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Essential horse movies for every trainer

Here are a few quintessential horse movies that focus on training.

The history between Hollywood and horses goes back to nearly the dawn of cinema itself. From the iconic images of cowboys riding their horses off into the sunset to the classic tales focusing on the relationship between trainers and their animals, horses will always have a special place within the past, present and future of movies. However, while most horse movies fail to dive into what exactly goes into the relationship between trainers and horses, there are certainly a few that accurately portray the hard work and effort that creates this bond. Here are some essential horse movies every trainer should watch:

‘Phar Lap’
Watching the story of some of horse racing’s most famous animals unfold can’t help but make you feel inspired. Such is the case with the 1983 Australian film “Phar Lap,” based on the early 20th century horse of the same name. Phar Lap was born in New Zealand and eventually moved to Sydney to be a potential race horse. The film portrays the animal’s upbringing and racing career, specifically focusing on the incredible bond between the horse and its caretaker, Tommy Woodcock. Upon Phar Lap’s arrival, his trainer, Harry Telford, was instructed to immediately sell the horse, due to its extremely lean appearance. However, Telford convinced the owner to keep the animal, and eventually, a trusting relationship formed between Woodcock and the horse. The film also questions the intensity of training racehorses have to endure, especially back in the sport’s initial stages. While the ending is certainly a tearjerker, “Phar Lap” is a powerful film that illustrates just how compelling the art of horse training can be.

‘Buck’
While many might be familiar with dramatic portrayal of horses on the silver screen, documentaries are often overlooked as examples of showcasing the compelling stories behind horse training. Every trainer should watch the documentary “Buck,” released in 2011. The film centers around a man named Buck Brannaman, a professional horse trainer and handler who teaches a unique method of communication with these animals. Brannaman served as a main consultant to the 1998 film “The Horse Whisperer,” and his training styles are based upon more sensitive approaches rather than disciplinary tactics. The documentary also goes more in-depth into Brannaman’s personal life, from his traumatic childhood with an abusive father to how his current family is affected by his life training horses on the road. “Buck” is arguably one of the most intriguing portrayals of horse training in cinema history, and the film was acclaimed by critics, even winning the U.S. Documentary Competition Audience Award at the Sundance Film Festival. “Buck” is one of the few documentaries about horse training that dives into the psychology of it, and it shows how Brannaman’s dedication and patience has made him one of the most influential trainers today.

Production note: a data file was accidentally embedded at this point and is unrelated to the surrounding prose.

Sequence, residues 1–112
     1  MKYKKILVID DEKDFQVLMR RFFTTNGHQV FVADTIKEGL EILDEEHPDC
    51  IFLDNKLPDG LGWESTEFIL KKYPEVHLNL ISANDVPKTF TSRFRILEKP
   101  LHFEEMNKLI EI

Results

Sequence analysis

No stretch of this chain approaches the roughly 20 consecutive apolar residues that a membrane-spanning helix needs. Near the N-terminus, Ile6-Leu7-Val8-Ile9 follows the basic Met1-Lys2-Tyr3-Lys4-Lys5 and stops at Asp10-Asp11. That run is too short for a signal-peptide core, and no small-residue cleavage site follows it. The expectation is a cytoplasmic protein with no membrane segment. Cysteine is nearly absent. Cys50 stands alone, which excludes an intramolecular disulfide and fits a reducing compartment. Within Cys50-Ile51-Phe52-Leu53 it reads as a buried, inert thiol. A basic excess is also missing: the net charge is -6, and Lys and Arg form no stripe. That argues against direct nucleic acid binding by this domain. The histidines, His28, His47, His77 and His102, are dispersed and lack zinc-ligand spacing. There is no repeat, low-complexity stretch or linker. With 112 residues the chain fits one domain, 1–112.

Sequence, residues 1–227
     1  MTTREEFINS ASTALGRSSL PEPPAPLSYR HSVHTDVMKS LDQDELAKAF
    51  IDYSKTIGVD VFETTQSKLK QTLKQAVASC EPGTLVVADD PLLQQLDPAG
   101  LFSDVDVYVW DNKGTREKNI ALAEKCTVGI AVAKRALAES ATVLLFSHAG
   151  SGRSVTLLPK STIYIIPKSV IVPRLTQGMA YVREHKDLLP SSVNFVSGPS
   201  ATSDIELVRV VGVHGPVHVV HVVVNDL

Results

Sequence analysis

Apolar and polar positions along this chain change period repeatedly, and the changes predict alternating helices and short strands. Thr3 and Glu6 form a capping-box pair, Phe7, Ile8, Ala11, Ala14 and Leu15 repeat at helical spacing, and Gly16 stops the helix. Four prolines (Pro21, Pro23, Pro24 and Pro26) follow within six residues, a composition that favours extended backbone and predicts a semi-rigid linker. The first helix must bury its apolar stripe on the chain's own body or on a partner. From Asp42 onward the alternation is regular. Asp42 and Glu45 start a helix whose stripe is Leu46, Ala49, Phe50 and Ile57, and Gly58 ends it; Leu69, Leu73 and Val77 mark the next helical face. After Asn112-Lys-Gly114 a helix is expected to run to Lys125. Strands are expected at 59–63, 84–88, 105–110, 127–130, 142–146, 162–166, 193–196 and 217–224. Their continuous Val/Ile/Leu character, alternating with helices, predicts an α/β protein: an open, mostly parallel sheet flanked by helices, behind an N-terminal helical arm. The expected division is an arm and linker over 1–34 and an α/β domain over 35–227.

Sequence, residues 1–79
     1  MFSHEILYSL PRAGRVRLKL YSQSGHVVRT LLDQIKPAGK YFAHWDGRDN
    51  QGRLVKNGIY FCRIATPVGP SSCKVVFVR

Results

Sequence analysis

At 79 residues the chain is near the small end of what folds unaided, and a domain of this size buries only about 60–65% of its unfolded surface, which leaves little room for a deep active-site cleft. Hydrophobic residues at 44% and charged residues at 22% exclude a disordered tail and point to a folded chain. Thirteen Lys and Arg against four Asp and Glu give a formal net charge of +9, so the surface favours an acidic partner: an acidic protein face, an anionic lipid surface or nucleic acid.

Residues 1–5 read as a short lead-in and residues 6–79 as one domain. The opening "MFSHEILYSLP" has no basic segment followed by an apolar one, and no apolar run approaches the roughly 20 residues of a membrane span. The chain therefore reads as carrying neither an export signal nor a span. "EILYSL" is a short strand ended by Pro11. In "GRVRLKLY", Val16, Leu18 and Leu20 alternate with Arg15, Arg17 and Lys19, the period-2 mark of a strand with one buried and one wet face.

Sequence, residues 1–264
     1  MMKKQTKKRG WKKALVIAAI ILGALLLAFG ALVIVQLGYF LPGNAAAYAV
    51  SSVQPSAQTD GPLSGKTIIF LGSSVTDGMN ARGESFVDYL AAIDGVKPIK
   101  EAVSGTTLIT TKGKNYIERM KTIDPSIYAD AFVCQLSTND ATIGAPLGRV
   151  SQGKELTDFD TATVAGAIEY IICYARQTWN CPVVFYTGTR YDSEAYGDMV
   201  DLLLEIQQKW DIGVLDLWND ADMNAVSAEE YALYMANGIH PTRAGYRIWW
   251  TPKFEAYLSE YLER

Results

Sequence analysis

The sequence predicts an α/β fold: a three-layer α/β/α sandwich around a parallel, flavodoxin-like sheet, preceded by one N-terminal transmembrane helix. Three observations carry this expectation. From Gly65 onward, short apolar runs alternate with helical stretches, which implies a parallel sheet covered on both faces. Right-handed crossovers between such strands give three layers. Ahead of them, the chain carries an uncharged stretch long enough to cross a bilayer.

‘Champions’
There are plenty of biography films that revolve around the iconic racehorses, but only a select few truly analyze the lives of the jockeys who ride them. An excellent picture that focuses on one of the most fascinating horse jockeys is “Champions,” a 1983 film about the life and career of Bob Champion. The jockey is played by the legendary actor John Hurt, and the film portrays Champion’s career during the good times and the bad. Champion was one of the elite horse jockeys in racing, winning countless tournaments in the United Kingdom and other top races around the world. However, at the height of his racing success, Champion was diagnosed with testicular cancer, and his career and life were soon in jeopardy. “Champions” shows the jockey’s struggle coming to terms with the disease, eventually becoming determined to beat the cancer and get back to the racetrack. After a few years of treatment, Champion overcame his cancer, and his comeback included winning the 1981 Grand National horse race in Liverpool. Hurt was nominated for several acting awards for his powerful performance, and the film remains one of the few authentic biographies about horse jockeys.